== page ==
Norma Shearer takes on two roles in this mild-mannered “how the other half lives” picture: Molly the lady of the night and Florence, a judge’s daughter and demure as can be. Naturally, both young ladies fall for the same fella but who will win his heart?Continue reading “Lady of the Night (1925) A Silent Film Review”
Clara Bow plays the baby vamp of Prescott College, who spends her time partying and drinking and dancing and romancing Donald Keith, the star athlete who was told to steer clear of such temptations. But flappers will be flappers.Continue reading “The Plastic Age (1925) A Silent Film Review”
Ivor Novello plays the Rat, a Parisian Apache with a thing for pearls, knives and Odile (Mae Marsh), his platonic (or is she?) roommate. When a group of slumming swells invade the Rat’s haunt, romance and murder follow, as they always do in these pictures.Continue reading “The Rat (1925) A Silent Film Review”
Harry Langdon plays a college sap who just wants to marry the girl of his dreams but is blocked at every turn by his woman-hating uncle, a chief in the local fire department. Will little Harry find love at last or will his dreams go up in smoke?Continue reading “His First Flame (1927) A Silent Film Review”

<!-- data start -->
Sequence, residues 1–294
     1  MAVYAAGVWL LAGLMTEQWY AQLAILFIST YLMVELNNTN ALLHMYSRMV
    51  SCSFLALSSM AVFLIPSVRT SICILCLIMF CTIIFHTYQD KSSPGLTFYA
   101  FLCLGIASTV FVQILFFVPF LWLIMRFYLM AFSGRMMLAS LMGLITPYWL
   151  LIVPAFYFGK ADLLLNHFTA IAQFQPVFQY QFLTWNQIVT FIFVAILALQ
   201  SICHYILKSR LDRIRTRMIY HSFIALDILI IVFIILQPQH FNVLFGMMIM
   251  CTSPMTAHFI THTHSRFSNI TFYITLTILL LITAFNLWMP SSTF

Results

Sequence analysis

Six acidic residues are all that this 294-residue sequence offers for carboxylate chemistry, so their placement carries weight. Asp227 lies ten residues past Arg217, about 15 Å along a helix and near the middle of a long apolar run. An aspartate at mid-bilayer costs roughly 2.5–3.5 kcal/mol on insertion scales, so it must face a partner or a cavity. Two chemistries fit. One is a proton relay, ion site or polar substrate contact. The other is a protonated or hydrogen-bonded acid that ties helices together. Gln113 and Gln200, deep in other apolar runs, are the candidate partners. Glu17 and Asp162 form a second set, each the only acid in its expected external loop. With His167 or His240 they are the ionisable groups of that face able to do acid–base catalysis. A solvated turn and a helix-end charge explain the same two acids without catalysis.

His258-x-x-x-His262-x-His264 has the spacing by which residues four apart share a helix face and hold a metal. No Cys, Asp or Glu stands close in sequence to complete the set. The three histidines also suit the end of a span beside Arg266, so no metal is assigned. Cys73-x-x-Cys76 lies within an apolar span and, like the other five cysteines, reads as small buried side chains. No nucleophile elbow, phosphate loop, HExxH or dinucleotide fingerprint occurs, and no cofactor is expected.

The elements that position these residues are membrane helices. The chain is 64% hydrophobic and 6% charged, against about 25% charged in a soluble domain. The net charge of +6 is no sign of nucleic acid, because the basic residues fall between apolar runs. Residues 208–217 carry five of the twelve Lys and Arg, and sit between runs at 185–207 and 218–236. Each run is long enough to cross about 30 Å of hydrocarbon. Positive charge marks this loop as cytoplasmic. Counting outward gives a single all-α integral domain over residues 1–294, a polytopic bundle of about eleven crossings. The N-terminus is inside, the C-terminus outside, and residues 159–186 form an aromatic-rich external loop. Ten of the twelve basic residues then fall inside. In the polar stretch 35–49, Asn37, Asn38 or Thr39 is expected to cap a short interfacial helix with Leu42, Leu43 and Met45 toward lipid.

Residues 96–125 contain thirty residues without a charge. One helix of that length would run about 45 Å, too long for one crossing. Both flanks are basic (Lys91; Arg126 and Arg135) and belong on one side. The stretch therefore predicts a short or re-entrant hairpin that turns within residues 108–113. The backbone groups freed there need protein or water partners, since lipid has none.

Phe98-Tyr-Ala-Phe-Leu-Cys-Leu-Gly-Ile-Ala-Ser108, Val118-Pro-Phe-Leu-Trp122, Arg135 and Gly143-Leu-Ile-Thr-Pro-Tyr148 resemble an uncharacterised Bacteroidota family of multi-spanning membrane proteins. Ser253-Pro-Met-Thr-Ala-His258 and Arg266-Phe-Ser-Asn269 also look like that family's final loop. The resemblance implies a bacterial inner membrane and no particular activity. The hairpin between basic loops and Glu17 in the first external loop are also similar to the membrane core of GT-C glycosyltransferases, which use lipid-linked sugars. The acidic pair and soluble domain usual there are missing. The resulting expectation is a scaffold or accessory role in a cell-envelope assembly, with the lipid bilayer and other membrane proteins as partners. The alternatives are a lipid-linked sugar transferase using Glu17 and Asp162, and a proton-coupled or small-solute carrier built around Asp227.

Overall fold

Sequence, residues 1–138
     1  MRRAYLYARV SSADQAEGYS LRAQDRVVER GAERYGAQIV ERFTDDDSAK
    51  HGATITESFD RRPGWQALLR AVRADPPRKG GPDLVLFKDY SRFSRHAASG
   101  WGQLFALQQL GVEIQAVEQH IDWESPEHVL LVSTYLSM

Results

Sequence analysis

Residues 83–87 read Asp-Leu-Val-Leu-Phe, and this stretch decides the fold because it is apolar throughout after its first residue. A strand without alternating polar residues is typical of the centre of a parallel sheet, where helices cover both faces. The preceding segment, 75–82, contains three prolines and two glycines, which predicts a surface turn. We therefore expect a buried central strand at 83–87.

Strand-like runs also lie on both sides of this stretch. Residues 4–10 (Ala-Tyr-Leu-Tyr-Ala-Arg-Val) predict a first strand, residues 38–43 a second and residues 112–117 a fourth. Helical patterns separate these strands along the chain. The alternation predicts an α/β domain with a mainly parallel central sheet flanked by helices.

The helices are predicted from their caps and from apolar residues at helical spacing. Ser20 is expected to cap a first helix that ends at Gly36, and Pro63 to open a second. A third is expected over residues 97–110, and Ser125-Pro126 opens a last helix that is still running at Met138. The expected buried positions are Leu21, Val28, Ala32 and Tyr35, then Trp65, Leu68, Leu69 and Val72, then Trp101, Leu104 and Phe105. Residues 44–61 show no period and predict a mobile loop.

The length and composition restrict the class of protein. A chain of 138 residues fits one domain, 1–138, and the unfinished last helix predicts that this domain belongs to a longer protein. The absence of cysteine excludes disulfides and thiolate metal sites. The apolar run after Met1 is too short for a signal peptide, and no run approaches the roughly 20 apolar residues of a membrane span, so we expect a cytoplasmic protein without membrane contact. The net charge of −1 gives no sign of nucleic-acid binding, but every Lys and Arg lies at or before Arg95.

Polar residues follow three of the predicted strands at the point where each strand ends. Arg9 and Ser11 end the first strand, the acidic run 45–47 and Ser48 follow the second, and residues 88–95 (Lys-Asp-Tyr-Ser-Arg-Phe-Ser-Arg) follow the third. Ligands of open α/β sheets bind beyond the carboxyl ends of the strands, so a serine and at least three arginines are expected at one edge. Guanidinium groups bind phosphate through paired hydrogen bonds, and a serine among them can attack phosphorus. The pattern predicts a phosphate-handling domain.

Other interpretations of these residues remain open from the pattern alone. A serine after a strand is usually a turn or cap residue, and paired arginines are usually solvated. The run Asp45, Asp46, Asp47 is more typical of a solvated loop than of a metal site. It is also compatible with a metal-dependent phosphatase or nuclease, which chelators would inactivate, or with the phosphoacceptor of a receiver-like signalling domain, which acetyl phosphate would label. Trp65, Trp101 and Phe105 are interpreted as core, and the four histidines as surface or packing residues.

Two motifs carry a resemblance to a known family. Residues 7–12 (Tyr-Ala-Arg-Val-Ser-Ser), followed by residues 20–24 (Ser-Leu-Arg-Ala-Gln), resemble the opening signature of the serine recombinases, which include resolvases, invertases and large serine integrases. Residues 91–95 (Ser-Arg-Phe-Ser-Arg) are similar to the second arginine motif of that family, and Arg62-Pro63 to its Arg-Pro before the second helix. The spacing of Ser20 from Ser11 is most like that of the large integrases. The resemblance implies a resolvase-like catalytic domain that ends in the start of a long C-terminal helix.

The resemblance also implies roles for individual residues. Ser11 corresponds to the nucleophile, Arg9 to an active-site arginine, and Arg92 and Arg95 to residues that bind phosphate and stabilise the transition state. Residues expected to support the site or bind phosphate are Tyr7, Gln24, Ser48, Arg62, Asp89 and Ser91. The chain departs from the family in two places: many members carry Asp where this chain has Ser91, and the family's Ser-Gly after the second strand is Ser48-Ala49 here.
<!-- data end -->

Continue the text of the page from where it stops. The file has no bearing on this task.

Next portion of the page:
Menahem Mendl, a Jewish man living in pre-Revolution Russia,has a large family and not much money but he does have an abundance of ideasfor get rich quick schemes. From selling corsets to insurance to brides, Mendl’splans are ambitious but never quite turn out the way he intends.Continue reading “Jewish Luck (1925) A Silent Film Review”
Rin-Tin-Tin stars as the leader of a wolfpack (!) who helps a baby Charles Farrell stake out his borax claim. Location shooting and finecinematography elevate this doggy vehicle.Continue reading “Clash of the Wolves (1925) A Silent Film Review”
Harry Carey plays a western sheriff who heads to San Francisco to collect his inheritance. While there, he falls in love with a sexy cat burglar (Lillian Rich) and infiltrates her gang so that they can get hitched, as one does.Continue reading “Soft Shoes (1925) A Silent Film Review”
American businessman Mr. West (Porfiri Podobed) has business in Russia but is terrified of the Bolsheviks. A gang of confidence tricksters (led by Vsevolod Pudovkin) use this paranoia to their advantage and try to drain him dry. A broad farce from Lev Kuleshov.